In practice, there is a continuous and iterative interplay between the three dimensions of Plan-Achieve-Optimize. This is because all three of them are concerned with the actual execution of the organizational intentions. In modern times, agility is the key to successful execution.

Managerial Agility

Managerial agility is the strategic and operational capacity of a manager or an organizational system to identify, capture and service the opportunities more quickly than others do. It is a way of constructively utilizing external and internal dynamism, in the service of organizational success.

Agility represents the ability to quickly transform information into insight, in response to external movements. It mandates the reduction in the cycle time for managerial action. This can be broken down into three components: a) sense, b) decide, and c) respond.

“Sense” refers to how long it takes to register a change in needs or conditions. “Decide” is concerned with how long it takes to make a decision. “Respond” refers to the length of time that is required to make the necessary change, and thereafter validate the outcome of the change.

Agility is broadly marked by six characteristics: a) 24×7 availability, b) qualitative out-performance, c) proactive anticipation of changes and crises, d) speed of response, and e) causing minimal disruption, and f) continued communication and teamwork.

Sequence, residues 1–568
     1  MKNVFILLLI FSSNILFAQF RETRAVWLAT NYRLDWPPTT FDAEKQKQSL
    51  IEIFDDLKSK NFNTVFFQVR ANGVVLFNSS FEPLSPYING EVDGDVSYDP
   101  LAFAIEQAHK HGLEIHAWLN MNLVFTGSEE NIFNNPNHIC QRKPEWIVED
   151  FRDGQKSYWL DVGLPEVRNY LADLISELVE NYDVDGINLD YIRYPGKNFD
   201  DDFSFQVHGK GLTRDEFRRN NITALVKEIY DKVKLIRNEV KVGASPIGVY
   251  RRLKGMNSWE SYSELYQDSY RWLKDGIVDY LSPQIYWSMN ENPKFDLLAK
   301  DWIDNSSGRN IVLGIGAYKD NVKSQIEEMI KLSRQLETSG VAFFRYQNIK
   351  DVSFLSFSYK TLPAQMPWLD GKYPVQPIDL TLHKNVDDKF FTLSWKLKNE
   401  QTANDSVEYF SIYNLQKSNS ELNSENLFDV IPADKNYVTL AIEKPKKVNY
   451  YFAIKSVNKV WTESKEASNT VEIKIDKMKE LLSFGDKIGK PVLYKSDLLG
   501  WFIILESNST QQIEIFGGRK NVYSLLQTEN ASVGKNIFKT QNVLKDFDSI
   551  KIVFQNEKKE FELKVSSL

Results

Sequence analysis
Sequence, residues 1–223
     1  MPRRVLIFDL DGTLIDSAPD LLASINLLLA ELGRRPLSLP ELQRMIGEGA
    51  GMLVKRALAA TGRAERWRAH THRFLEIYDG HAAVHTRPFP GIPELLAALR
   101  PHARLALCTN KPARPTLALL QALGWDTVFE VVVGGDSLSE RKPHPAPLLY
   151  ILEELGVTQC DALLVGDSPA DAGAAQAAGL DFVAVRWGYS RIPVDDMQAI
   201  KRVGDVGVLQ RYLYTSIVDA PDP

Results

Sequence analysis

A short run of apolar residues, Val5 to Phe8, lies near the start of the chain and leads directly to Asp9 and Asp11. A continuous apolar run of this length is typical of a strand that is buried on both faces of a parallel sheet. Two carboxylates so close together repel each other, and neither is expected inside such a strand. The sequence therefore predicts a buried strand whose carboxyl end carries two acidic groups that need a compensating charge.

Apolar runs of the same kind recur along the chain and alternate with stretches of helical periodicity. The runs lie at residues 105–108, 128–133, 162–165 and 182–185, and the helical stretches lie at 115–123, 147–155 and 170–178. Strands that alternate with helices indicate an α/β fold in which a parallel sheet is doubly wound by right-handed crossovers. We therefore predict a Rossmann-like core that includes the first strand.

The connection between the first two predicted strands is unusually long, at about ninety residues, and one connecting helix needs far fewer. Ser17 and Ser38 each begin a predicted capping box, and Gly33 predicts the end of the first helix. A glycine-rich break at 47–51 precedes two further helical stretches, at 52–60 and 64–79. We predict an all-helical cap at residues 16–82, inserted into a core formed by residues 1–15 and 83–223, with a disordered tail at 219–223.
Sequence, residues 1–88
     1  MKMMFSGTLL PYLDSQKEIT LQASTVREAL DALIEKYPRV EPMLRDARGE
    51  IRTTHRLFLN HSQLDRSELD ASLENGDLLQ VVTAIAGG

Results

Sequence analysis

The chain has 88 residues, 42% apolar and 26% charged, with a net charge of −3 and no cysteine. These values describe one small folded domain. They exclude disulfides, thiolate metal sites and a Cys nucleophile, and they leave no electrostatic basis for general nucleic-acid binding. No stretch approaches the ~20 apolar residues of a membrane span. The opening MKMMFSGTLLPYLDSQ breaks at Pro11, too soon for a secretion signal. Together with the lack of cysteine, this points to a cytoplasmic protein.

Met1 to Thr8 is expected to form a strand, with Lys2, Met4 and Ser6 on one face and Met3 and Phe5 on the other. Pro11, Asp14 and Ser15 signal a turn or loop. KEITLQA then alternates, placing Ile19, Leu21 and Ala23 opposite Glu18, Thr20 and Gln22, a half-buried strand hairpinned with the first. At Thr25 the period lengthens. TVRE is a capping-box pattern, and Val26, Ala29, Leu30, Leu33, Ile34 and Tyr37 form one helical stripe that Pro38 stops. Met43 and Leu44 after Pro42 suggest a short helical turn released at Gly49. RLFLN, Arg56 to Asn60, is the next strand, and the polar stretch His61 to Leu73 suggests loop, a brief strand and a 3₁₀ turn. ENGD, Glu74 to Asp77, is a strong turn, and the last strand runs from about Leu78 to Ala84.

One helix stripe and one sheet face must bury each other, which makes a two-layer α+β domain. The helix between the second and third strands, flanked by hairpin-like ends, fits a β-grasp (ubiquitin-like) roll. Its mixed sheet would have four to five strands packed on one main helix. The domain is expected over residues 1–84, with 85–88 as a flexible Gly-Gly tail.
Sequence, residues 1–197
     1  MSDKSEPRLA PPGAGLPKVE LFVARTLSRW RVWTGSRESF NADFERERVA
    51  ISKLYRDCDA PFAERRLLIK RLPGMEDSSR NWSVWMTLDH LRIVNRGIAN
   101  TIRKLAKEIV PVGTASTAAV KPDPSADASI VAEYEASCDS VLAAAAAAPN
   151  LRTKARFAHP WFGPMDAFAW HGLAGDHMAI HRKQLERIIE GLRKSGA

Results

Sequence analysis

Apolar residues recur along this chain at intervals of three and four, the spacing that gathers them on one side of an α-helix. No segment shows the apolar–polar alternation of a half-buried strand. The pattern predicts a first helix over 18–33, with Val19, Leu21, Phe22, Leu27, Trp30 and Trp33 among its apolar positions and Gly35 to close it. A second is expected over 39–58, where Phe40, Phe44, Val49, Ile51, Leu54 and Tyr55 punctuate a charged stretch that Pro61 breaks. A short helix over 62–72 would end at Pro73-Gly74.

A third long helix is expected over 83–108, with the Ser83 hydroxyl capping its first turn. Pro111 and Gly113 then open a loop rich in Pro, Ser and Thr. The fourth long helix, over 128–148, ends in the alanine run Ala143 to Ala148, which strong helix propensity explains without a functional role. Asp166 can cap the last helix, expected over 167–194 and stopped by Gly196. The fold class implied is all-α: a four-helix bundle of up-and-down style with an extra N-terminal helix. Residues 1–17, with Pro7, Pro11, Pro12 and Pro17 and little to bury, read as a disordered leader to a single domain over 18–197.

1.  Frederick W. Smith Quotes [Internet]. BrainyQuote. [cited 25 June 2018]. Available from:
  2.  Linley P, Harrington S. Playing to your strengths. The Psychologist. 2006;19(2):86-89.
  3. Buckingham M, Clifton D. Now, Discover Your Strengths. London: Pocket Books; 2005.
  4. Halstead, J. M,Taylor, M. J. The development of values, attitudes, and personal qualities: A review of recent research. Slough: NFER; 2000.
  5. Kouzes J, Posner B. The Leadership Challenge: How to make extraordinary things happen in Organizations. 5th ed. San Francisco, CA: Jossey-Bass; 2012
  6. Damon W, Menon J, Cotton Bronk K. The Development of Purpose During Adolescence. Applied Developmental Science. 2003;7(3):119-128.
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  8. Ricketts C, Ricketts J. Leadership: Personal Development and Career Success. 3rd ed. New York: Cengage Learning; 2011.
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  10. Optimization [Internet]. Merriam-Webster. [cited 18 May 2015]. Available from: